But this begs the question: Who gets to set up these digital experiences in the first place? Who gets to decide how they’re deployed? Who gets to decide how to preview them? It can’t only be the technical teams, who already have too much on their plate. Content teams need to be able to make content go live. It’s their job, after all.

The answer, I believe, is that everyone should be able to create, deploy and preview digital experiences, not just those with a technical background. Teams have been working to solve this problem for years now by developing channel-differentiated publishing workflows, developer-friendly APIs like GraphQL, and experience orchestration features. All of these will allow editors and developers to take a headless presentation layer — regardless of the framework or technology it’s in — past the finish line without disenfranchising any of the deeply involved personas along the way.

This approach means giving editors the ability to preview their content in any digital experience whatsoever, whether it’s a web or mobile application, a React Native or VR experience, or even a digital sign. It means returning to marketers the full ability to spin up digital experiences by selecting from a list of readymade templates and to decide how those digital experiences react to changes in content.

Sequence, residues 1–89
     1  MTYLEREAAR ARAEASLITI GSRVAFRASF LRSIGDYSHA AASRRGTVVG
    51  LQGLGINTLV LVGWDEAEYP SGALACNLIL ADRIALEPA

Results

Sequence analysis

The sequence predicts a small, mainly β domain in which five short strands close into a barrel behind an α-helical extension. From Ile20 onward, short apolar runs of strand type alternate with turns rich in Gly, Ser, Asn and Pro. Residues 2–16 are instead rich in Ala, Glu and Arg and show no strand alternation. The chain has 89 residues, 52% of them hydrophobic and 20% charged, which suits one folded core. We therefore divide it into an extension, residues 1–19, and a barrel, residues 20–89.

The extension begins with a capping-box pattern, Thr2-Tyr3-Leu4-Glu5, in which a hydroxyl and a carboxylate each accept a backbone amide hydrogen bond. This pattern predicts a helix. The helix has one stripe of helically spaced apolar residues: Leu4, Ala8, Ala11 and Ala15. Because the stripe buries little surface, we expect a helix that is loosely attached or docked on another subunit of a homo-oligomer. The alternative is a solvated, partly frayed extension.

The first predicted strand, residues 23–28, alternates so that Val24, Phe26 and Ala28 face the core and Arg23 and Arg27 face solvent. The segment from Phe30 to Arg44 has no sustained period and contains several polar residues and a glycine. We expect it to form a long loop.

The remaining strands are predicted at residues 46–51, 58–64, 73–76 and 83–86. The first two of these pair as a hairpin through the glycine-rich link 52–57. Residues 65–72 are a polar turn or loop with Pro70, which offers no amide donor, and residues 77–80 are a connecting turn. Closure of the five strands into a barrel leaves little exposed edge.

It means granting brand strategists and compliance officers a cohesive, cross-channel perspective into the digital experiences they need to scrutinize without jumping between disconnected and brittle integrations that only work some of the time, not when they’re needed most. In short, it means restoring to marketing organizations everywhere the power they have lost. I’d love to hear about what you hope to regain.

The new grand compromise for content and commerce management is here, and it’s not about digital experience management. It’s about digital experience orchestration.